The Assembly today strongly reiterated its call on the Turkish authorities “to put an end to laws and practices that contravene democratic standards, to revise its legislation and constitutional framework in order to ensure the separation of powers, to restore freedom of speech and media freedom, to restrict the interpretation of its anti-terror legislation, and to implement the judgments of the European Court of Human Rights”.
At the end of an urgent debate on the functioning of democratic institutions in Turkey, the parliamentarians also stated that the presidential decision of 20 March 2021 to withdraw from the Istanbul Convention - which aims to combat violence against women and domestic violence - constitutes “a step backwards for the country”. They deeply regretted that this decision was taken “without any parliamentary debate and on account of misleading narratives” and requested the expertise of the Venice Commission to prepare a comparative study on the modalities of ratification and denunciation of the Council conventions.
The adopted resolution, based on a report prepared by Thomas Hammarberg (Sweden, SOC) and John Howell (United Kingdom, EC / DA), notes with concern the procedures aimed at lifting the parliamentary immunity of one third of parliamentarians – mostly from the opposition – as well as the attempt to dissolve the People's Democratic Party (HDP) and the repression of its members. The Assembly therefore “urges the Turkish authorities to put an end to the judicial harassment of parliamentarians and refrain from submitting numerous summaries of proceedings seeking the undue lifting of their immunity which gravely impedes the exercise of their political mandate” as well as to political pluralism.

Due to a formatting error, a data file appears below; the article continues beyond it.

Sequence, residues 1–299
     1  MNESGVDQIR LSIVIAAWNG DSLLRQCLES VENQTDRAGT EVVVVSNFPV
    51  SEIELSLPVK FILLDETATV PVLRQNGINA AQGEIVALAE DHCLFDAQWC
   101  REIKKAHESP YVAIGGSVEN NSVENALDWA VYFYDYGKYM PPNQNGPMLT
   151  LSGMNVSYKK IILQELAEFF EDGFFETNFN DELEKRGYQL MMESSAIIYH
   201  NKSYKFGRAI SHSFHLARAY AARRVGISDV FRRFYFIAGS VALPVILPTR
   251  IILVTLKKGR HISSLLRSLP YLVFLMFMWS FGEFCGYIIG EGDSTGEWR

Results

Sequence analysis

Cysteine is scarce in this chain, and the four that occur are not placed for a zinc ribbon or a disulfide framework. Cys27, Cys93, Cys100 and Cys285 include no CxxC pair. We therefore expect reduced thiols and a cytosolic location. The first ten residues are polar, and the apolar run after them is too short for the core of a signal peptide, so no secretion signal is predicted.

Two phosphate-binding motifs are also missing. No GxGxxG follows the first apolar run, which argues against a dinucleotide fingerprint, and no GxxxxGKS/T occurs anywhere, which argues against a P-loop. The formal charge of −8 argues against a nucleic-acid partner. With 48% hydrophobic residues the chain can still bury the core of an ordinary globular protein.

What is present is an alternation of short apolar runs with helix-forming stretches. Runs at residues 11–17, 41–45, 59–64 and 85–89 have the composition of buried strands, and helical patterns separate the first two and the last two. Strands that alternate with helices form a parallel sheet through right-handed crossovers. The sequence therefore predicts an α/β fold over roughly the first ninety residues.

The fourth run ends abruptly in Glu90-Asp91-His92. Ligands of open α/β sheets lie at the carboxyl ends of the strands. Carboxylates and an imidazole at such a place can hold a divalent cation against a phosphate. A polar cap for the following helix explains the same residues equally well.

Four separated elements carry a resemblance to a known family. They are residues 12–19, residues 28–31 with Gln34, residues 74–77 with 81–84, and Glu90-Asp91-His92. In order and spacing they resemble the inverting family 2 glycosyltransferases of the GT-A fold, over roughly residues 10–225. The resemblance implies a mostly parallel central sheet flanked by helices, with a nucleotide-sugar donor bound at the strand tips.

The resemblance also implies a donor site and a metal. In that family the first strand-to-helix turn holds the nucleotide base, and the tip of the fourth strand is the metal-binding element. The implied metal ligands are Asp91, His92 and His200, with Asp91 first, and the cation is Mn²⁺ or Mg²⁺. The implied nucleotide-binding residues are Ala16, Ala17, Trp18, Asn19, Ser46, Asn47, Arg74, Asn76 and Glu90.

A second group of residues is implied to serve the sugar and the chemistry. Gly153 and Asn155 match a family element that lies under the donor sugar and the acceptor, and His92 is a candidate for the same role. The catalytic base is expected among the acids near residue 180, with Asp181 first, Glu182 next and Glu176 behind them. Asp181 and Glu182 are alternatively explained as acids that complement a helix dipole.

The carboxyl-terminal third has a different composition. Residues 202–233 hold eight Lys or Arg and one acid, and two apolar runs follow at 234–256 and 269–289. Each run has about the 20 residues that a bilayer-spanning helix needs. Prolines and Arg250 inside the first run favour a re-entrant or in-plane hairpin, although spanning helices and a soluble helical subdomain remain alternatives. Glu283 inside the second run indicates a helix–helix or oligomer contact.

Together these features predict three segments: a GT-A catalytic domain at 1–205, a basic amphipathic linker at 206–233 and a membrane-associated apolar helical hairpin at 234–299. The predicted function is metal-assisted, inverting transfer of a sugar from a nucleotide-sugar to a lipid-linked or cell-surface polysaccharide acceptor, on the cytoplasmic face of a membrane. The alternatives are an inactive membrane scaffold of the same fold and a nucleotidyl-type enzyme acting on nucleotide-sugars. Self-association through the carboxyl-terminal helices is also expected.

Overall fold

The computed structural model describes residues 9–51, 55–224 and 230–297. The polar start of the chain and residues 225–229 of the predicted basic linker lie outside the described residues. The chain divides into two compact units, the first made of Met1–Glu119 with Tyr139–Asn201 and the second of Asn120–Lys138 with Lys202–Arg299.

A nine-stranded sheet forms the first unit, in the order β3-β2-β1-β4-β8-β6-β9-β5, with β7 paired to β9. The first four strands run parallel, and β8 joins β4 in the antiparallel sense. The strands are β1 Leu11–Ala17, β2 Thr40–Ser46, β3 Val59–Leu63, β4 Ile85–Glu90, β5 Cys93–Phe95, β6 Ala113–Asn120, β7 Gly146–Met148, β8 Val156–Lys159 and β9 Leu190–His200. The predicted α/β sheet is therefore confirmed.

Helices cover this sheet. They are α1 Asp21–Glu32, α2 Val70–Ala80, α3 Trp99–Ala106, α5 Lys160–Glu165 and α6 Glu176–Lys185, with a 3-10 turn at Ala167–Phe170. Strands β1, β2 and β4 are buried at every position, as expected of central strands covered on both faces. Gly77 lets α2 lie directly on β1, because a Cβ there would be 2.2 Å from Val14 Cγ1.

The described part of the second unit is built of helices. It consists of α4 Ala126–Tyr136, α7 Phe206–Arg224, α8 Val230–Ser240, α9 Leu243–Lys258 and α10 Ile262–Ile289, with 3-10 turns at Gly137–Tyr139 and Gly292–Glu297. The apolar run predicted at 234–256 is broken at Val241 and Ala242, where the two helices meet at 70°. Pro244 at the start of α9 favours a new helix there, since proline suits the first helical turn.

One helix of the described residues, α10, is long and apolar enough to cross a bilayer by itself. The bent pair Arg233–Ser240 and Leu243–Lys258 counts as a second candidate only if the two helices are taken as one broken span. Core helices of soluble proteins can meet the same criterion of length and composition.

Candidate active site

The text also calls for the immediate release of former HDP co-chair Selahattin Demirtaş and philanthropist Osman Kavala “in application of the rulings of the European Court of Human Rights of 2020 and subsequent decisions of the Committee of Ministers, which is supervising their implementation”.
According to the Assembly, the Turkish authorities should seize the opportunity of implementing the Human Rights Action Plan and revising the legislation on elections and political parties to take “concrete and meaningful steps”, which thus respect the obligations arising from their Council of Europe membership.